The prevalence of S. mutans in the studied microenvironments was elevated (greater than 50%). This bacterial species is the one most often studied in the human mounth14,20. Wu, et al.29 (2003) found that the prevalence of S. mutans in supragingival plaques in individuals with dental caries was 75.4%. The prevalence rate in our study was lower (56.5%), but participants' teeth were free of caries.
The prevalence of E. faecalis was lower in all intraoral sites (3.5% to 13.5%). This type of bacteria is common in gastrointestinal infections and secondary endodontic infections. Colombo, et al.2 (2002) determined the subgingival microbiota of 25 patients with untreated CP using the Checkerboard DNA-DNA hybridization technique and found some unusual types of E. faecalis. Slots, et al.24 (1991) identified a prevalence of 23% of enteric bacteria in patients with periodontitis.
In the present study, teeth from which samples of sub- and supragingival plaques were collected showed pulp vitality and absence of dental caries.
P. gingivalis was found in 23.5% of saliva and tongue dorsum samples, 30% of buccal mucosa samples, 40% of supragingival plaque samples, and 53.5% of subgingival plaque samples. There were no significant statistical differences between the sites analyzed (p=0.068). These results are in agreement with previous findings. Wahlforst, et al.28 (1995) studied subgingival plaques of 36 patients with CP and found a prevalence of P. gingivalis of 56% using PCR and 42% using cultures. Mombelli, et al.18 (2001) found a prevalence rate of 59% in subgingival plaques after treatment and advanced periodontal disease. Yano-Higuchi, et al.31 (2000) found a prevalence of 64.3% of P. gingivalis in subgingival plaques of 21 subjects with adult periodontitis using cultures. Kumar, et al.11 (2003) examined subgingival plaques of 66 patients with CP, and found a prevalence of 88% of P. gingivalis using PCR. Gajardo, et al.5 (2005) detected a prevalence of 76.4% of P. gingivalis in subgingival plaques of patients with CP using cultures. Cortelli, et al.3 (2005) found a prevalence of 76% of P. gingivalis in subgingival plaques of 203 subjects with CP using PCR. Ledder, et al.12 (2007) found a prevalence of 29% of P. gingivalis in subgingival plaques of 47 subjects with CP using PCR multiplex.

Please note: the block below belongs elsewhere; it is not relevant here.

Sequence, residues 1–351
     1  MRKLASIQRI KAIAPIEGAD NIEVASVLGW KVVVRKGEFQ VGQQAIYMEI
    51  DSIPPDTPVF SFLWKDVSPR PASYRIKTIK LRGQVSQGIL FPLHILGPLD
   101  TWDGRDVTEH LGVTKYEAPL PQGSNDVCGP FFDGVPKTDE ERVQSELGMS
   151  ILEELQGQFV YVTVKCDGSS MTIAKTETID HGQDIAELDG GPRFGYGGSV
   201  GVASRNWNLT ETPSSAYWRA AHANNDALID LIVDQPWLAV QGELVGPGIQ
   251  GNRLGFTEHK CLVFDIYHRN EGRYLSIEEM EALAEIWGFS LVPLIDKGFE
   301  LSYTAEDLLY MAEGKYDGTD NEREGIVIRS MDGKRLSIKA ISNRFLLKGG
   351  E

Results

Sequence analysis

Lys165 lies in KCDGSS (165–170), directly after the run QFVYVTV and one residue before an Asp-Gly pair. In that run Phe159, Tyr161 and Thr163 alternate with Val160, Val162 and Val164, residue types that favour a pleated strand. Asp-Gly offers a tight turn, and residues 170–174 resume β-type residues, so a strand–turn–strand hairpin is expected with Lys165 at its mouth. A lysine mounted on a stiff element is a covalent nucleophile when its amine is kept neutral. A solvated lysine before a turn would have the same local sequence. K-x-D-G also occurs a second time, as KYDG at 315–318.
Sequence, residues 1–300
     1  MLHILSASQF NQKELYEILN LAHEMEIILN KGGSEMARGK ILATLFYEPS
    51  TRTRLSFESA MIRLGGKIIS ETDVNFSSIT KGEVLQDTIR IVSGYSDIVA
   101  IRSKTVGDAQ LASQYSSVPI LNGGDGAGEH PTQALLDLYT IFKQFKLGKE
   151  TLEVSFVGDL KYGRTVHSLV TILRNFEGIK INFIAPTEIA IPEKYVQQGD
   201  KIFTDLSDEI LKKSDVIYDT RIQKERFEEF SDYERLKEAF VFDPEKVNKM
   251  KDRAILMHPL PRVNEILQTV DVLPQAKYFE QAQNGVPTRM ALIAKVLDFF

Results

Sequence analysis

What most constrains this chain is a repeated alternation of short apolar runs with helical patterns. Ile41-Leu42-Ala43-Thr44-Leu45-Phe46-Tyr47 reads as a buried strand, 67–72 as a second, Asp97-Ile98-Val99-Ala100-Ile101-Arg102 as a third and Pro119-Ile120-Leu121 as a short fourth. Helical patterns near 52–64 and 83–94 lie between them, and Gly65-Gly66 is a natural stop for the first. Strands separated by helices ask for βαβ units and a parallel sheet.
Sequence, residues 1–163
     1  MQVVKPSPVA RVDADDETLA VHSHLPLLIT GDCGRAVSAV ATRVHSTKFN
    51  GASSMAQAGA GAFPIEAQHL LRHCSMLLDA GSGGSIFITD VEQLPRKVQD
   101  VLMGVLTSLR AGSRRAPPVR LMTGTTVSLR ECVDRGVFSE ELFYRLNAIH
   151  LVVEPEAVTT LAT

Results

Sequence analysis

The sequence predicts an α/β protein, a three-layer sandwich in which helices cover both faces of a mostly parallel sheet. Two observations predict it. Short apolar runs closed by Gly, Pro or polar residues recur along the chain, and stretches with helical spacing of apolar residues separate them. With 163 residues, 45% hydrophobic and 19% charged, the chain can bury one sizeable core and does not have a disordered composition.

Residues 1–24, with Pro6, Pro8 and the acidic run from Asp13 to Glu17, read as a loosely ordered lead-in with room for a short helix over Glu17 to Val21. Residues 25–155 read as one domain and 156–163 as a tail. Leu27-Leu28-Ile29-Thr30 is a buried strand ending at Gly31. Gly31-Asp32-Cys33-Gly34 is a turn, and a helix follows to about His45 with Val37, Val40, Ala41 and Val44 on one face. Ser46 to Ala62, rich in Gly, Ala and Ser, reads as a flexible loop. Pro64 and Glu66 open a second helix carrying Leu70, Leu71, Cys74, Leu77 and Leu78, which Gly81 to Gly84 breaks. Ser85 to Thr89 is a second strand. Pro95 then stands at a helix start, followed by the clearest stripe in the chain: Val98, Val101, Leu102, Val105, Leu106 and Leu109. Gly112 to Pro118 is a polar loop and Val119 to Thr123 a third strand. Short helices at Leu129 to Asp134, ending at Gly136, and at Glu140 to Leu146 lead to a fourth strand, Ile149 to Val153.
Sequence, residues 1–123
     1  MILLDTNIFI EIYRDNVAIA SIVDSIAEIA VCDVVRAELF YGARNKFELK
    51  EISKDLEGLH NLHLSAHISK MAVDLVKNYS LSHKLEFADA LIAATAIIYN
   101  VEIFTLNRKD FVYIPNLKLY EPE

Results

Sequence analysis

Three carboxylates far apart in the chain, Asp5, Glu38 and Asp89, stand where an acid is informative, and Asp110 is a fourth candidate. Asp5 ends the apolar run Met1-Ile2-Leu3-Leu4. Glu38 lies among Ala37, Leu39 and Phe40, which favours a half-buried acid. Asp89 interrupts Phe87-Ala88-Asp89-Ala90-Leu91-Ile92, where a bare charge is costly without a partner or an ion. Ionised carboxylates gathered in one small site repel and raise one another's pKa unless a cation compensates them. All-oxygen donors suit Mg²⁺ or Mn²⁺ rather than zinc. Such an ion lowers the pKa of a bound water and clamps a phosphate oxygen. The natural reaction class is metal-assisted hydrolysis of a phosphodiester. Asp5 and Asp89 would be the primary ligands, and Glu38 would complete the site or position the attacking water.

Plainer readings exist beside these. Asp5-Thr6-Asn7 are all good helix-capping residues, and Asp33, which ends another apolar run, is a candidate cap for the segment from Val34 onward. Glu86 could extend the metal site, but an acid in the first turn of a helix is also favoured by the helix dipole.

P. intermedia had a prevalence rate of 23.5% in saliva, 33.5% in tongue dorsum, 26.5% in buccal mucosa, 33.5% in supragingival plaque and 30% in subgingival plaque. There were no significant statistical differences between the sites analyzed (p=0.895). According to López, et al.16 (2000), the prevalence of P. intermedia in subgingival plaques of 60 subjects with CP was 33% in a study using DNA probes. Mombelli, et al.18 (2001) found a prevalence of 40.6% in subgingival plaques after treatment of advanced periodontitis using cultures. Gajardo, et al.5 (2005) found a prevalence of 35.2% of P. intermedia in subgingival plaques of patients with CP using cultures.
Ximenez-Fyvie, et al.30 (2000) compared the microbial composition of supra- and subgingival plaques in 23 patients with adult periodontitis. Periodontal pathogens were detected in supragingival plaque from sites in which subgingival samples were negative for the same species. Supragingival plaque can harbor putative periodontal pathogens, which suggests that this environment may be a reservoir of such species and for the spread of infection or reinfection of subgingival sites.